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Weak European demand hits German GDP

Weak European demand hits German GDP
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Germany’s economy shrank at the end of last year as export demand from the rest of Europe weakened.

Factories in the region’s largest economy slashed production in the final three months of 2012 and were less willing to invest.

But the German Economy Ministry said growth will pick up again this year.

Germany will publish an estimate of gross domestic product for all of last year next Tuesday.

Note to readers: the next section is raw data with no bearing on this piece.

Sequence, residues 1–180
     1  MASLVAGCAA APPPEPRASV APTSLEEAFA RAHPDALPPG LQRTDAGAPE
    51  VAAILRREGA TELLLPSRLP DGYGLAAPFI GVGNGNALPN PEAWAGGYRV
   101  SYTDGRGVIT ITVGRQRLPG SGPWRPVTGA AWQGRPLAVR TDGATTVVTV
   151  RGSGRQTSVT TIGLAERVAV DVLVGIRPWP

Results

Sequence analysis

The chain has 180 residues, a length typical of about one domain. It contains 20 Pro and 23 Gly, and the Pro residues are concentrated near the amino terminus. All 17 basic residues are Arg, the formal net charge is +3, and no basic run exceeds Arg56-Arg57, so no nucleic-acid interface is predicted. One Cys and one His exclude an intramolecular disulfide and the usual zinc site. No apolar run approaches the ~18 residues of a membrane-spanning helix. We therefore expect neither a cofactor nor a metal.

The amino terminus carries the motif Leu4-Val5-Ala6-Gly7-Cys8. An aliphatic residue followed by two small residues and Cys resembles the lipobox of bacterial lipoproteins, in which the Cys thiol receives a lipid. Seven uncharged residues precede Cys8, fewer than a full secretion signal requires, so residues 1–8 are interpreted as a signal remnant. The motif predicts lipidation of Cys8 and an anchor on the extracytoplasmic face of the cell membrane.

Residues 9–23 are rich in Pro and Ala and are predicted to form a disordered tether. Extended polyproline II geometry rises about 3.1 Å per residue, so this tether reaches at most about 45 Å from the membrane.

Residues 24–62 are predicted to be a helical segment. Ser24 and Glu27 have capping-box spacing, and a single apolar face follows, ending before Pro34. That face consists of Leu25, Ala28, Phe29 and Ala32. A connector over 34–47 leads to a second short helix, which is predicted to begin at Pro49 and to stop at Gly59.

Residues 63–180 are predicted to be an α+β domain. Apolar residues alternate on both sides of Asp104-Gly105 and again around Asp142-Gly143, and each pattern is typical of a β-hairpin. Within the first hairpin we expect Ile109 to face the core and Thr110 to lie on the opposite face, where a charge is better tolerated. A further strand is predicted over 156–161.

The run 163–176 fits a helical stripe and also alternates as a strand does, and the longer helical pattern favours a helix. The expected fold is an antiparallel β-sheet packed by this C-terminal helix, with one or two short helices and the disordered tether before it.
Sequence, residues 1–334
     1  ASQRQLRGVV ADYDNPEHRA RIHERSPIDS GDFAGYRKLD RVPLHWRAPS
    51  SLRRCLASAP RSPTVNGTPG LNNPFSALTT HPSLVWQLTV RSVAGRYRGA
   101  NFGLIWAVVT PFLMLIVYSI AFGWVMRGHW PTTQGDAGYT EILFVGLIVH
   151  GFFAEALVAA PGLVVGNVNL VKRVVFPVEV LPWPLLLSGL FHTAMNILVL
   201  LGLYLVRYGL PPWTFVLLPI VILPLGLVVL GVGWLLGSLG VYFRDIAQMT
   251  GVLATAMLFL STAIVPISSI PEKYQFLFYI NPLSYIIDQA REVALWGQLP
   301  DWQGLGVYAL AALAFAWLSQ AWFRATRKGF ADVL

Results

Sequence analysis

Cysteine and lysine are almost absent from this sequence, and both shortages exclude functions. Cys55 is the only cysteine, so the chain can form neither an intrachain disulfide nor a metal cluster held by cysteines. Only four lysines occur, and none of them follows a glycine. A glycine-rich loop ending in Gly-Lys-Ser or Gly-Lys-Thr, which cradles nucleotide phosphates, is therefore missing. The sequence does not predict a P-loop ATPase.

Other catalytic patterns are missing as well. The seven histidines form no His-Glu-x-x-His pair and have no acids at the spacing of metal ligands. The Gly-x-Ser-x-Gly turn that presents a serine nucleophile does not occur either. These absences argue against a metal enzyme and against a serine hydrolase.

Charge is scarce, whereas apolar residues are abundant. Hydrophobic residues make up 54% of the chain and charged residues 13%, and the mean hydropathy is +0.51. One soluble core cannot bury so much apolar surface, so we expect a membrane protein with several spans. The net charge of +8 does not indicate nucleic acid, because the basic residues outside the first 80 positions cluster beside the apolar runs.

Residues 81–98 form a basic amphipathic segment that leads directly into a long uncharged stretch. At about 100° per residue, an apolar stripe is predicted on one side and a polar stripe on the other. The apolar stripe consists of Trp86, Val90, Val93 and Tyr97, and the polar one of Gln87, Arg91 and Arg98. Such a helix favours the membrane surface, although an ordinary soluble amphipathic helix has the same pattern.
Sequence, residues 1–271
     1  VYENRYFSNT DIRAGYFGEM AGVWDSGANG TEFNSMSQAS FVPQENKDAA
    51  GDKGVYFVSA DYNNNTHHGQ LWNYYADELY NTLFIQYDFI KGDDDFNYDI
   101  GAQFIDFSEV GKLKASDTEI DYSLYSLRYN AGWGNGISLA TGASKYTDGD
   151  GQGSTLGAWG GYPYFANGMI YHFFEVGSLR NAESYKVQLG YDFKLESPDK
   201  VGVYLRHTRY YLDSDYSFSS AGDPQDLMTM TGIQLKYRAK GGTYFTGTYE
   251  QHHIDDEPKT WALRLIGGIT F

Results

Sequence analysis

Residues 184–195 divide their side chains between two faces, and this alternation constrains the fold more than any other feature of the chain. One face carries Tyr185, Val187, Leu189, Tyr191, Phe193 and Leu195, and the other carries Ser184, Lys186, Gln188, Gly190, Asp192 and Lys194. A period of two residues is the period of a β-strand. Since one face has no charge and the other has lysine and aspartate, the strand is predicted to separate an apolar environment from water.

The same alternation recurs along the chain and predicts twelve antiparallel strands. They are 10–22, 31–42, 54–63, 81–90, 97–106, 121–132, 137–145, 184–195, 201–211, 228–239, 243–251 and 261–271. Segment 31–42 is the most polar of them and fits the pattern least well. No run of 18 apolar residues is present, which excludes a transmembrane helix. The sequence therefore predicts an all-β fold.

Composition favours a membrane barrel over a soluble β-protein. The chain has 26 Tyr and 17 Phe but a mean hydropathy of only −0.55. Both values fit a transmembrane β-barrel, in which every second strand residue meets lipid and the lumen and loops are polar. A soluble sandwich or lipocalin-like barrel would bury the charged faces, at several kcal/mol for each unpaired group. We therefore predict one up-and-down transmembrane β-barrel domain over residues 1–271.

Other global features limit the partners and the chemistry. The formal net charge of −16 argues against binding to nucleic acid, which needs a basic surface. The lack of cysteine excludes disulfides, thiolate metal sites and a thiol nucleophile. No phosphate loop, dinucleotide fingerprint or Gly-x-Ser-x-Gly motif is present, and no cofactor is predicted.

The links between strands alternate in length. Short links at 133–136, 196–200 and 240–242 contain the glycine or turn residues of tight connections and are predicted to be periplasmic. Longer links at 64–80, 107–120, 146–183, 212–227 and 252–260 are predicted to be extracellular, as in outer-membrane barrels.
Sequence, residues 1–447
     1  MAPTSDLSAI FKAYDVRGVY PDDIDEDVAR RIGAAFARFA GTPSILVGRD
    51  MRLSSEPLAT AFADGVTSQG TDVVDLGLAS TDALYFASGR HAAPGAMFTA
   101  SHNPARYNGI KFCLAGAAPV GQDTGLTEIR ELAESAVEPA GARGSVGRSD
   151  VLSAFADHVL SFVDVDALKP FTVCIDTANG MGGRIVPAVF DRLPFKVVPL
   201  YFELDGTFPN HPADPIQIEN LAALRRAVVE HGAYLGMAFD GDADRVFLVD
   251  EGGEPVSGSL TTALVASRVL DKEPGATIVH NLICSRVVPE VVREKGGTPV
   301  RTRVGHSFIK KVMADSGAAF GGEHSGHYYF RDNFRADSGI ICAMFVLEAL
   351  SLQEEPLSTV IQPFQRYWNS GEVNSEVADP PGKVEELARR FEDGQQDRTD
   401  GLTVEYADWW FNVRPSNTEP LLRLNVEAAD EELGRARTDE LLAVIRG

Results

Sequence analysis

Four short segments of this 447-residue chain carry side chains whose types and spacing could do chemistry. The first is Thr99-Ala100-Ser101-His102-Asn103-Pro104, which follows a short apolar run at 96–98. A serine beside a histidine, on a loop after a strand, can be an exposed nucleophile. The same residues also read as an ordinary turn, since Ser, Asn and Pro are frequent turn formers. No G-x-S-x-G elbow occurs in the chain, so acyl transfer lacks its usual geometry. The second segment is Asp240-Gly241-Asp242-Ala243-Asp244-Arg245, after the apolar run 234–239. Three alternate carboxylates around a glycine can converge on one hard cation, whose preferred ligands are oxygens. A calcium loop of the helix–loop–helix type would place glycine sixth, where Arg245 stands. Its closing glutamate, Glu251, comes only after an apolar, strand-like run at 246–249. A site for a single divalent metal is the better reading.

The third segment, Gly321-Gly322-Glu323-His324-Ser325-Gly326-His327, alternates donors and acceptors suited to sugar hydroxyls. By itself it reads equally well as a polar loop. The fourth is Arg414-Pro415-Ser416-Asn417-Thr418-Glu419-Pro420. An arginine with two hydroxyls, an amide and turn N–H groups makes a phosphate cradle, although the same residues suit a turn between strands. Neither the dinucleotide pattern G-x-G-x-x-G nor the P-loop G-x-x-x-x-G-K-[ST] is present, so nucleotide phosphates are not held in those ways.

Most economists say Europe’s economic powerhouse experienced a slight contraction in the fourth quarter, though they see it avoiding a recession – defined as two consecutive quarters of contraction – and picking up in the first quarter of this year.

The ministry said the underlying strength of the German economy as well as positive signs from the global economy indicated the economy would “revive significantly” in the course of 2013, especially given that it remains competitive and the international environment has calmed somewhat.

“A slight improvement in sentiment indicators suggests that the economy will start the new year on a positive note and will quickly overcome this temporary period of weakness,” the ministry said.

Recent surveys have shown morale at German businesses picking up and investor sentiment brightening, while order levels are showing signs of stabilising.